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Lou Donaldson: Lou Donaldson: Alligator Bogaloo – Blue Note 4263

Marc Davis By

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Alligator Bogaloo is very much a product of its time—1967—and it is extremely groovy.

Start with the cover. A woman with crazy eye makeup wears a nutty hijab-like getup and is waving her arms like an early-day Bangle walking like an Egyptian. Tres psychedelic.

Well, no surprise there. It's April 1967. The Summer of Love is about to begin. In two months, Sly and the Family Stone will burst into the public's consciousness and create modern funk. The Beatles' Sgt. Pepper is two months from blowing everyone's mind. And James Brown, the Godfather of Soul, is still making everyone feel good.

Enter Lou Donaldson.

If there were a godfather of soul-jazz, Donaldson would be it. He was playing a funky alto sax long before Alligator Bogaloo, back in the hard-bop days of the 1950s, sometimes with Jimmy Smith on organ, and would continue in the same vein long after the fad had passed—probably way too long and way too monotonously.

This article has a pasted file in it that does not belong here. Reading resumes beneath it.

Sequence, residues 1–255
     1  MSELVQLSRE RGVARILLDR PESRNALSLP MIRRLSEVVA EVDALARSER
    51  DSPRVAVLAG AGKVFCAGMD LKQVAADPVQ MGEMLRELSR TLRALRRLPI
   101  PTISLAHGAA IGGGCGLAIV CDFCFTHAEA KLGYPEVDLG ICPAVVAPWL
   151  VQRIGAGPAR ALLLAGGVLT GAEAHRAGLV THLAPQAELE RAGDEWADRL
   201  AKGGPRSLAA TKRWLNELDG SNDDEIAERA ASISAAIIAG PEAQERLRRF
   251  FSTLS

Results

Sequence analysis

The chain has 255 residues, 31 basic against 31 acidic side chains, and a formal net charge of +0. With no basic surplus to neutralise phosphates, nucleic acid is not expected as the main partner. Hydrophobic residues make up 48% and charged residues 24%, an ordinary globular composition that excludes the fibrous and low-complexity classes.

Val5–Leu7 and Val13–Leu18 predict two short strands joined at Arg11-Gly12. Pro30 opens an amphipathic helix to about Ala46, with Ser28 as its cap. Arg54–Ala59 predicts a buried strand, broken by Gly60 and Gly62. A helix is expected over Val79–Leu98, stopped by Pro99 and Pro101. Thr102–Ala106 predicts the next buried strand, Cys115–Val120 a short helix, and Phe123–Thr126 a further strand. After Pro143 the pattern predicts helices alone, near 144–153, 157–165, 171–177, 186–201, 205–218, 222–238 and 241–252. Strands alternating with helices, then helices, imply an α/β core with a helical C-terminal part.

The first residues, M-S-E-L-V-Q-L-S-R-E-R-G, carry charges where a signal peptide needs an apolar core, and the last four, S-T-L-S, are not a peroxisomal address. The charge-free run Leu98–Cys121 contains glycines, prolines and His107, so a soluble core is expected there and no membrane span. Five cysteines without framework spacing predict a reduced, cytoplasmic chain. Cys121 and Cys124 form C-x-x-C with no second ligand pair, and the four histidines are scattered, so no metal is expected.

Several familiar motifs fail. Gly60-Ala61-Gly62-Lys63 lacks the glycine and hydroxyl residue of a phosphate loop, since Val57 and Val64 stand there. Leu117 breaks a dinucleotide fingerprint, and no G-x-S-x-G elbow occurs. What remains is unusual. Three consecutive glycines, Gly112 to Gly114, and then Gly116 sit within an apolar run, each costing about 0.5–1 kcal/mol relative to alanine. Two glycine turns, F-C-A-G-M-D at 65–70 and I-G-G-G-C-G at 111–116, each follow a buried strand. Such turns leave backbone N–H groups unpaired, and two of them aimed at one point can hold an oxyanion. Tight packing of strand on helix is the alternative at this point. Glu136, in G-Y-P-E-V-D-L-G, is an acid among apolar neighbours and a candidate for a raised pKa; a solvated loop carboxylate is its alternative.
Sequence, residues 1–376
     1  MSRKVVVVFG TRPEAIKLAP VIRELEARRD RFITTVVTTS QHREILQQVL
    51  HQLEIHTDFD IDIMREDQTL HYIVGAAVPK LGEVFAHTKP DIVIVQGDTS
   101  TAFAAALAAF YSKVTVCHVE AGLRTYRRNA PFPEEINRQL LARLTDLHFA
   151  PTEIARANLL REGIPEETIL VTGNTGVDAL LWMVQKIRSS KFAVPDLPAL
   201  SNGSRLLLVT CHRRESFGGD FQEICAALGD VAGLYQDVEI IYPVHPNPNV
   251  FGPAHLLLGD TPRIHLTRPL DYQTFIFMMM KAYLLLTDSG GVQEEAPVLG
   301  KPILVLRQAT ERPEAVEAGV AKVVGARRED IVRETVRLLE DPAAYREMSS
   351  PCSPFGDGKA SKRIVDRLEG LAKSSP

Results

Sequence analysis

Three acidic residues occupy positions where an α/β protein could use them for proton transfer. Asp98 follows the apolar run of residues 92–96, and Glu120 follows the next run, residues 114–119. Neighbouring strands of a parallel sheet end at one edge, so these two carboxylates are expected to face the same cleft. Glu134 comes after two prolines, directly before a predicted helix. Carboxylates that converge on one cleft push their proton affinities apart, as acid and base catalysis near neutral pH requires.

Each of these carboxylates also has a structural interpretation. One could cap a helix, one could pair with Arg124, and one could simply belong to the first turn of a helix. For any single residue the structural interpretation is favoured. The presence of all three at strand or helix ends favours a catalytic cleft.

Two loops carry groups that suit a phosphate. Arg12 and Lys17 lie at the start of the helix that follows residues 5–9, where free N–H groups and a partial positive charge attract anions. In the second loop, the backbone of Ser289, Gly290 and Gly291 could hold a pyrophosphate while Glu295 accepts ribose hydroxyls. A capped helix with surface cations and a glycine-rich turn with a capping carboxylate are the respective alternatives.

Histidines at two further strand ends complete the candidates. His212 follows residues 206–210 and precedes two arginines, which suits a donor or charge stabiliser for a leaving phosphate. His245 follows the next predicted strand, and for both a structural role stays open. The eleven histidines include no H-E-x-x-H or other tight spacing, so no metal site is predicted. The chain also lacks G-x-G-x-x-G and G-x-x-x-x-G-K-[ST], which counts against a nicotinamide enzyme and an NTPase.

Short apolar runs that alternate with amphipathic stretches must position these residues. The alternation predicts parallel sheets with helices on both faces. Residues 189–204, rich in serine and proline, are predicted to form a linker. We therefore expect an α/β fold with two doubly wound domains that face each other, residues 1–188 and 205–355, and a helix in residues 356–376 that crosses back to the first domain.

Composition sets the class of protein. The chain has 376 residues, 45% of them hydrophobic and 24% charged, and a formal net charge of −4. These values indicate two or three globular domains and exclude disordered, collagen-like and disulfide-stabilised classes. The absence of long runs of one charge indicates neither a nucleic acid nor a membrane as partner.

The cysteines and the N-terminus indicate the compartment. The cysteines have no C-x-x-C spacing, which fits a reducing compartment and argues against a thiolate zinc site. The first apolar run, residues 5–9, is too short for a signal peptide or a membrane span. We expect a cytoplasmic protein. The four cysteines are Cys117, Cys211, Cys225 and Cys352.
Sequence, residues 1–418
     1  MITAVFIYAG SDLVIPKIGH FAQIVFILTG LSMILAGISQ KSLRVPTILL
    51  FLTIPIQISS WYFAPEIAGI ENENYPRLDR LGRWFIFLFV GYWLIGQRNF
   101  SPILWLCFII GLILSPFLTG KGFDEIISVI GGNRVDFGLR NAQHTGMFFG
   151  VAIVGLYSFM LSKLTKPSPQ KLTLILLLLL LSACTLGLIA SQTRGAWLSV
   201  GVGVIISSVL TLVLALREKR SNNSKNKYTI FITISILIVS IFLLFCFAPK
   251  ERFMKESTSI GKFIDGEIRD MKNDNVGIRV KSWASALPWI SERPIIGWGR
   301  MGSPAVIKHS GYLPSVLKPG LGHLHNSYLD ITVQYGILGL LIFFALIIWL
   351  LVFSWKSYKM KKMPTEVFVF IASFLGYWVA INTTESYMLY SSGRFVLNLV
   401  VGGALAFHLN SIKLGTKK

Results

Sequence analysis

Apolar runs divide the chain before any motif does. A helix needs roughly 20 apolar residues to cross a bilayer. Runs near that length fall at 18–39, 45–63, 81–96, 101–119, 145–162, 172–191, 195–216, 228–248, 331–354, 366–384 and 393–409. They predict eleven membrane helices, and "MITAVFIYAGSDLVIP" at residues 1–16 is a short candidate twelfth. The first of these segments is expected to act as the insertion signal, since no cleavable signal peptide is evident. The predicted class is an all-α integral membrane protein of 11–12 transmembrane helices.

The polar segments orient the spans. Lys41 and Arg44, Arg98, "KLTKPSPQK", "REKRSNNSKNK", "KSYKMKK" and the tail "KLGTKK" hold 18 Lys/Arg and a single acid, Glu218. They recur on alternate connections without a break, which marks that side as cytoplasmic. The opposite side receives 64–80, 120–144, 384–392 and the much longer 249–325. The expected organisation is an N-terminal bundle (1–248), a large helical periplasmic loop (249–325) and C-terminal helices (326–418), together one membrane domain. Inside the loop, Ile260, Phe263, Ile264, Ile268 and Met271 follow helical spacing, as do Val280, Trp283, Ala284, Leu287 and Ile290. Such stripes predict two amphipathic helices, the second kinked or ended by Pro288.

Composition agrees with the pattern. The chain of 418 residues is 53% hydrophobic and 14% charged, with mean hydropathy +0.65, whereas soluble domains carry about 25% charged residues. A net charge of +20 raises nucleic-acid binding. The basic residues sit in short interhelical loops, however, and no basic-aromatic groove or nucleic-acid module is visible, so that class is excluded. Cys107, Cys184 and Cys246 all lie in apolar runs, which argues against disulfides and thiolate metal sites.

But not here. Alligator Bogaloo (not boogaloo—go figure) is Lou Donaldson at the pinnacle of the jazz-soul era, with arguably the best and baddest example of the genre. Joining him are guitarist George Benson, still in his funky phase, before he turned soft and schmaltzy, and the ever-feisty Lonnie Smith on organ.

This is soul-jazz for people who love both.

"Alligator Bogaloo," the song, is a Donaldson original. It starts with a catchy, mod riff and continues with Donaldson's soulful sax solo. No hint of Charlie Parker, John Coltrane or Sonny Rollins here—just pure R&B boogeying. Melvin Lastie Sr. follows in the same vein on cornet, then Benson reminds you how good and bluesy he was before he sold out. Smith riffs and plays a nice solo to end the piece.

"One Cylinder" is, as the name implies, a one-chord riff. It's not very clever and, at almost seven minutes, it goes on too long. But it's more a slow, sensuous piece in the hard bop tradition, with more bluesy work by everyone, especially Benson and Donaldson.

And then we're back to pure R&B soul. "The Thang," another Donaldson original, with an irresistible riff and Smith smoking on the Hammond B-3, sounding very much like another, more famous organist named Smith. If you like Chuck Berry and James Brown, you'll like "The Thang."

"Aw Shucks!" is an original tune by Smith, delivering more wailing, slow soul-blues, followed by another Donaldson original, "Rev. Moses," which (as you might guess from the title) is more gospel than soul or bop. Finally, the ballad "I Want a Little Girl" takes us out.

You don't have to love the '60s to like Alligator Bogaloo, but it helps. It's about as fun and accessible as any album ever recorded by Blue Note.

Rating: 5 stars (out of 5)

Availability: Not hard to find

Cost: $5 used, $10 new
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